There is a lot to be said for retirement.
And by that I mean, almost everything about retirement is great.
In my retirement, I’m able to sleep until 8 pretty much every day. I get to drink my coffee slowly, in my pajamas.
I haven’t worn “dress shoes” more than three times in the past four years, and those were all weddings.
When it’s rainy, I stay warm and dry in my house. When it’s snowy, I get to go out and play, then come right back in to the fire and the hot soup. I can cook to my heart’s content. I have the time and the mental freedom to learn new things, like my creaky violin and my rudimentary Italian.
I get the grandkids every day, and nothing in the world tops that.
Best of all, I NEVER have to go to meetings. There’s no paperwork and no deadlines (other than getting to the potty in time.)
Because there are a couple of downsides, too.
There’s the fact that it took less than a year for me to be completely out of touch with the newest thoughts about education. I feel left behind and dumped at the curb.
I often feel useless.
Now, don’t start with all that “but the kids need you!” stuff. I know that. My job as chief caregiver for Ellie and Johnny is the most important one I could have. I love them so much that sometimes it actually hurts. They love me back.
But every once in a while, I hear myself utter a sentence like, “Let’s make a playdoh castle for the trolls!” That’s when I wonder where my formerly intellectual self has gone.
I miss being a deep thinker. I miss having rich conversations with my colleagues about our students. I miss doing diagnostic work, and recognizing how a child was processing the world.
Most of all, I miss the feedback that came with my professional life. I miss the hugs from the kids. Those I miss the most. I miss their smiles, and the little shared jokes that came with every class.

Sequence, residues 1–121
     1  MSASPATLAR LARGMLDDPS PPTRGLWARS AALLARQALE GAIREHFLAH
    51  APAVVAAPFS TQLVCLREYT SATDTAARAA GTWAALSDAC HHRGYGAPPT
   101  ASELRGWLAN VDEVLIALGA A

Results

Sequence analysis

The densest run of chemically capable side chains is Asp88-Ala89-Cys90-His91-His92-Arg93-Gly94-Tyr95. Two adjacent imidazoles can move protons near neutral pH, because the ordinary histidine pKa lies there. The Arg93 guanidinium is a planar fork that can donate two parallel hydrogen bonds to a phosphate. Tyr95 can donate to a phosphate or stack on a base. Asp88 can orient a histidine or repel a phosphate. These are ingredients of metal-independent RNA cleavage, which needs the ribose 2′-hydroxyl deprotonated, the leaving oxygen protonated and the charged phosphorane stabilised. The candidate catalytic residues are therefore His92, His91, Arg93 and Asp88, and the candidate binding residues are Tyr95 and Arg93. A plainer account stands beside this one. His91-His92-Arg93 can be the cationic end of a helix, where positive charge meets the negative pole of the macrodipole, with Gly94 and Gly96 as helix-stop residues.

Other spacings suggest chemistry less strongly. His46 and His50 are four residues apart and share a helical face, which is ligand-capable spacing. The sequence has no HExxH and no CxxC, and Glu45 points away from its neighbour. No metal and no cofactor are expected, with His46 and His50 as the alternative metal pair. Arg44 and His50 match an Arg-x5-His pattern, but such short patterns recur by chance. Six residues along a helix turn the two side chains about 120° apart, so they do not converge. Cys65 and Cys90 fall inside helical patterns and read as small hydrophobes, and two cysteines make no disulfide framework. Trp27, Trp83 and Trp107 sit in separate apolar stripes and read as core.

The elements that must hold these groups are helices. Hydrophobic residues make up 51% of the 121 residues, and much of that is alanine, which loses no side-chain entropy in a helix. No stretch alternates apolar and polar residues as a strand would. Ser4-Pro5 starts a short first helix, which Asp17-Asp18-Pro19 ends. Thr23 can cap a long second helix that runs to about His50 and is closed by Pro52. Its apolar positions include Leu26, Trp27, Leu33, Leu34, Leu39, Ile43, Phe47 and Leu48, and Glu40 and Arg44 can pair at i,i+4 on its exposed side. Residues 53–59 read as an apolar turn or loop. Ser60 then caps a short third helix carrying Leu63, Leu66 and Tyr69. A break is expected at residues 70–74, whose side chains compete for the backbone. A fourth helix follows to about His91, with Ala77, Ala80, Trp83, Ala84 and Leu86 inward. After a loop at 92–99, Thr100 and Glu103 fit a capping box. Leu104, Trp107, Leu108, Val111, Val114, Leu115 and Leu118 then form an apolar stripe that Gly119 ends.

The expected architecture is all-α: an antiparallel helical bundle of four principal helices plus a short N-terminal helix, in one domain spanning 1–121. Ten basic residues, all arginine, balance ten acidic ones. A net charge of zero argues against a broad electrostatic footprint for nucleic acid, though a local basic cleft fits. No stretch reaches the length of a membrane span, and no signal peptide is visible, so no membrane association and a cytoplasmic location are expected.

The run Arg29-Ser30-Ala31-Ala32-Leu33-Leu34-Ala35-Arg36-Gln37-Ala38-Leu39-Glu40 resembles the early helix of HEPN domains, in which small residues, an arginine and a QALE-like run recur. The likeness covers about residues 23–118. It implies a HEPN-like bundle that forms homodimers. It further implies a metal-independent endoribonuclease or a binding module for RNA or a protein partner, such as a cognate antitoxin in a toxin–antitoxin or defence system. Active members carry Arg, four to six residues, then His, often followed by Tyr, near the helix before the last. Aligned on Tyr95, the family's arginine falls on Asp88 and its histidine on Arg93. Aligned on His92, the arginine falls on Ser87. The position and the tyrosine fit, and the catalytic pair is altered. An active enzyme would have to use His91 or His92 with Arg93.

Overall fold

When I was teaching, I knew that I was going a good job. I knew because the kids told me. “You’re a funny teacher!,” they’d tell me. Or, “You’re nice.” I had kids tell me that I helped them understand themselves better, or that I helped them learn how to make mistakes without feeling bad about themselves.
I miss the feedback.
A smile from a parent, a “thank-you” from a worried Mom, hearing a grandparent say, “I’ve heard so much about you!”
I once had a child bring me a rutabaga, six months after he’d graduated to the next grade. It was hilarious, a reminder of a joke that had lasted for his entire fifth grade experience.
I miss that.
And I truly miss the feedback from colleagues; working with very smart teachers and sharing lesson plans made me feel bright by reflection. Sometimes in a TEAM meeting, I’d realize that my observations helped to clarify how a child was struggling. And I knew I was good at the job.
I love retirement. I love being a stay home Nonni and baking cookies on cold days. I am happy to play with toddlers and to read familiar books while snuggled on the couch.
But once in a while, I’d love to have some of that positive feedback that used to make me feel smart.
At least there are no meetings.